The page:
In the first Wolf Creek movie John Jarratt's laconic, grinning pig shooter Mick Taylor didn't turn up until about the 45 minute mark. The stranded backpackers, and audiences, soon realised he's evil -- but the serial killer's back story and motivations were never explained.
Wolf Creek 2 will fill in those gaps as it seeks to surprise, scare and amuse audiences, according to the director and co-writer Greg Mclean. “We're not treading over old ground,” he tells SBS Film from the Melbourne editing suite where he's cutting the film after a seven-week shoot in South Australia.
“We look much more into Mick's personality, who's an enjoyable character in many ways. He's a racist, homophobic, sexist and xenophobic maniac but he considers himself to be very Australian and very patriotic, so much so that he thinks that anyone who comes over here doesn't deserve to live.
“I think it will be genuinely surprising as the plot goes to a few very strange and interesting places. We didn't want to do a stalk-and-slash movie; it's a thriller more than anything else, with a lot of humour.”
The sequel follows Taylor as he encounters three backpackers, a Pom and two Germans, played by Ryan Corr, Shannon Ashlyn and Philippe Klaus in the Outback. Corr starred alongside Ryan Kwanten and Sarah Snook in Not Suitable For Children and it's the film debuts of Ashlyn and Klaus, who both featured in the ABC-TV miniseries Devil's Dust. Arclight pre-sold the film to eOne in Canada and the UK and to Scandinavia, Turkey, Middle East, Malaysia and Poland. Roadshow will distribute in Australia; the date isn't set yet but will be late 2013 or early 2014. The producers intend to pursue a US deal when they can show potential buyers a print in June/July.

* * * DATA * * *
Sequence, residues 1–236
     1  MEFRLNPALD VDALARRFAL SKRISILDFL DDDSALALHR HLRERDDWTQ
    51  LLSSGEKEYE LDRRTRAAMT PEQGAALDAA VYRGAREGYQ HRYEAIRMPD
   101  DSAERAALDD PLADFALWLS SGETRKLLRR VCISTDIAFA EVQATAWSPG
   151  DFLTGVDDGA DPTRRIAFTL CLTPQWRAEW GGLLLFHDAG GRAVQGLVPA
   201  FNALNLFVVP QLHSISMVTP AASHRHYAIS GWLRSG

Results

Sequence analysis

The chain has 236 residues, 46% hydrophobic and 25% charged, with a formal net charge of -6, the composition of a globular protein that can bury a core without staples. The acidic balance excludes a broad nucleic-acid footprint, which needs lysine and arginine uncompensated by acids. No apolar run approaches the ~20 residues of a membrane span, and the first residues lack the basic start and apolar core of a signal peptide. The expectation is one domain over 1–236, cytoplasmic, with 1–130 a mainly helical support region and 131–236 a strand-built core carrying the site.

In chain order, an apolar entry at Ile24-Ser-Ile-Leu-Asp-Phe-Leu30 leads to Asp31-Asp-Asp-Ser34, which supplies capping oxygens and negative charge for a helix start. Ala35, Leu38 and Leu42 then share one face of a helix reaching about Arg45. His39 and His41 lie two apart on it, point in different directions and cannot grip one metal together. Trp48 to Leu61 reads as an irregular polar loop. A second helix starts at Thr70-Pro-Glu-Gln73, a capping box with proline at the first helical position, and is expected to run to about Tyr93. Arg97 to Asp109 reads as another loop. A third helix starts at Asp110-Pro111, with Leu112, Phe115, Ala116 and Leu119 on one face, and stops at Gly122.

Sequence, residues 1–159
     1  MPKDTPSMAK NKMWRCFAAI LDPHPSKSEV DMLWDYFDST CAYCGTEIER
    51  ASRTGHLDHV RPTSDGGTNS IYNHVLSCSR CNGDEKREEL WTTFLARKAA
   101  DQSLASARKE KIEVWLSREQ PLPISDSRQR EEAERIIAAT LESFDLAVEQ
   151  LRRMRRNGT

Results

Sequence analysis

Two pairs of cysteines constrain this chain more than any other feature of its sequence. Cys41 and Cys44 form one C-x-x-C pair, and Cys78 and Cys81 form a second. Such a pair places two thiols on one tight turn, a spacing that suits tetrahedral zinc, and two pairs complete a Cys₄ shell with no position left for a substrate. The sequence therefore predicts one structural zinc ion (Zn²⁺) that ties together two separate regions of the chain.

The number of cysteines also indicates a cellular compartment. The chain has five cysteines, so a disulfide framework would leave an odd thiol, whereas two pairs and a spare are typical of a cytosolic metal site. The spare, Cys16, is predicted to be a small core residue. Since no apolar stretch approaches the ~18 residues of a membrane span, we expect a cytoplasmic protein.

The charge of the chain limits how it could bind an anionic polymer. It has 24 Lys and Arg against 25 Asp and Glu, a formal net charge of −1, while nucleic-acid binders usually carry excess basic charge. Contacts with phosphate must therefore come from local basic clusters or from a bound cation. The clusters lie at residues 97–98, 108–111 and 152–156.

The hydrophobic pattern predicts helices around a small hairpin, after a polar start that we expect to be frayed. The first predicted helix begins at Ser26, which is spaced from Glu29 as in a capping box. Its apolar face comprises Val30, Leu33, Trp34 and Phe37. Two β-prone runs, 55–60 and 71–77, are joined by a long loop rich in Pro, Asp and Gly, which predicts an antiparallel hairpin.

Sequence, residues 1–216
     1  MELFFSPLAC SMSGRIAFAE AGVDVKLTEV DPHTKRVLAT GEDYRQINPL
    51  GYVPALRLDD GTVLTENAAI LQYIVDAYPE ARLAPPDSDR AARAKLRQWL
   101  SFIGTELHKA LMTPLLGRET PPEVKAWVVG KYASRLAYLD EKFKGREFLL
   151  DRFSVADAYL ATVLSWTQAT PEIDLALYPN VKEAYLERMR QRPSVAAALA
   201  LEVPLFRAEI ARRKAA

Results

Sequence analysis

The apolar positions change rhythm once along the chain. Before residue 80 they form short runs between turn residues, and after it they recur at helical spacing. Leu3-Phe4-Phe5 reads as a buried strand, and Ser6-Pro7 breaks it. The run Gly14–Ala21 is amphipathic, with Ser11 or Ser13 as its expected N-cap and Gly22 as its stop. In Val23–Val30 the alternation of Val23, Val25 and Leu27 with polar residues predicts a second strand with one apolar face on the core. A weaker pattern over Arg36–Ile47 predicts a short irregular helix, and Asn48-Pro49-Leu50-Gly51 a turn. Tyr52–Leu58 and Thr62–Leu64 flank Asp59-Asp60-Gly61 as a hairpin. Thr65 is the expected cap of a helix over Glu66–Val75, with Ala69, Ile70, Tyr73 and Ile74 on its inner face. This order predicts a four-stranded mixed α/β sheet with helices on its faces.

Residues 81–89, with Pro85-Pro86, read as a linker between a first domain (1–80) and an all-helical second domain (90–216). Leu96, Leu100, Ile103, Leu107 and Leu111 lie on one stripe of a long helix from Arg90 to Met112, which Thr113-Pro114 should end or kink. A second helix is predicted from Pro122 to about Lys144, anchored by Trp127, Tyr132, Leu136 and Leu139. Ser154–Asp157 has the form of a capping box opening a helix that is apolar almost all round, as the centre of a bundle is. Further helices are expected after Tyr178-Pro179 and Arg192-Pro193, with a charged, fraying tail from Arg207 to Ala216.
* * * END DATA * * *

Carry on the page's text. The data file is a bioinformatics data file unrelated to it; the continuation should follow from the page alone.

Mclean and horror novelist Aaron Sterns wrote the screenplay. Tying in with the film's release Sterns and Mclean are writing two Wolf Creek novels, both prequels, Mclean says four more books are planned, released in pairs to coincide either with further sequels or long-form TV dramas.
When he's finished with that film he will focus on four projects to which he's attached either as director, producer or executive producer. Two years ago he formed Wolf Creek Pictures to nurture emerging directors and produce genre movies for international markets. In that vein he's teaming up with Odin's Eye Productions' Michael Favelle to co-produce Territorial, a hybrid Western/horror/thriller/action film from writer-director Matthew Holmes. The plan is to shoot in Victoria in September.
Mclean is collaborating with writer-director Abe Forsythe on an untitled black comedy set around the 2005 Cronulla riots in Sydney; it'll be Forsythe's second turn as director following the 2003 Ned Kelly comedy-Western Ned.
He'll executive produce and has written the screenplay of One Foot Wrong, a horror movie about a five-year-old girl who makes friends and communicates with inanimate objects like trees and spoons. Glendyn Ivin will direct, based on a novel by Sophie Laguna, and the producers are Bianca Martino, Greg's partner, and Ayisha Davies.
He's attached to direct Black Echoes, the saga of a bunch of tourists who get more than they bargained for when they enter a Viet Cong tunnel in the Vietnam countryside, scripted by Shayne Armstrong and Shane Krause and produced by Murray Pope and Michael Robertson.
Another venture is the graphic novel Sebastian Hawks: Creature Hunter, which he created, written by Tristan Jones and illustrated by Chris DiBari, which raised $37,643 via crowdfunding site Pozible. It will be published by Gestalt in mid-2014 and he believes the concept of a swashbuckling hero who's recruited by Queen Victoria in 1900 to hunt down mythical creatures lends itself to being turned into a big budget movie.
(Image credit: Mark Rogers)